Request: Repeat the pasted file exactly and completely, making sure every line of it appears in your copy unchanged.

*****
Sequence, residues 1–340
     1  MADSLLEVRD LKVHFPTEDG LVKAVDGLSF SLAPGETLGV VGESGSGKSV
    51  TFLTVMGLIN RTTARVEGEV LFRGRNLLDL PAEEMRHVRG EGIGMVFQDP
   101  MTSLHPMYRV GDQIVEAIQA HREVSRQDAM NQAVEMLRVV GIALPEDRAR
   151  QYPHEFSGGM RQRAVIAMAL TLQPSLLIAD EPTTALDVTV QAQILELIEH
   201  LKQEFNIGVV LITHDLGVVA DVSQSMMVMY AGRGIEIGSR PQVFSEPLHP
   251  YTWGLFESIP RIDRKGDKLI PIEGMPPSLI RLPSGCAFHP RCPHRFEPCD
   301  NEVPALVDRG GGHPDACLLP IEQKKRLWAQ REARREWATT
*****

Sequence, residues 1–340
     1  MADSLLEVRD LKVHFPTEDG LVKAVDGLSF SLAPGETLGV VGESGSGKSV
    51  TFLTVMGLIN RTTARVEGEV LFRGRNLLDL PAEEMRHVRG EGIGMVFQDP
   101  MTSLHPMYRV GDQIVEAIQA HREVSRQDAM NQAVEMLRVV GIALPEDRAR
   151  QYPHEFSGGM RQRAVIAMAL TLQPSLLIAD EPTTALDVTV QAQILELIEH
   201  LKQEFNIGVV LITHDLGVVA DVSQSMMVMY AGRGIEIGSR PQVFSEPLHP
   251  YTWGLFESIP RIDRKGDKLI PIEGMPPSLI RLPSGCAFHP RCPHRFEPCD
   301  NEVPALVDRG GGHPDACLLP IEQKKRLWAQ REARREWATT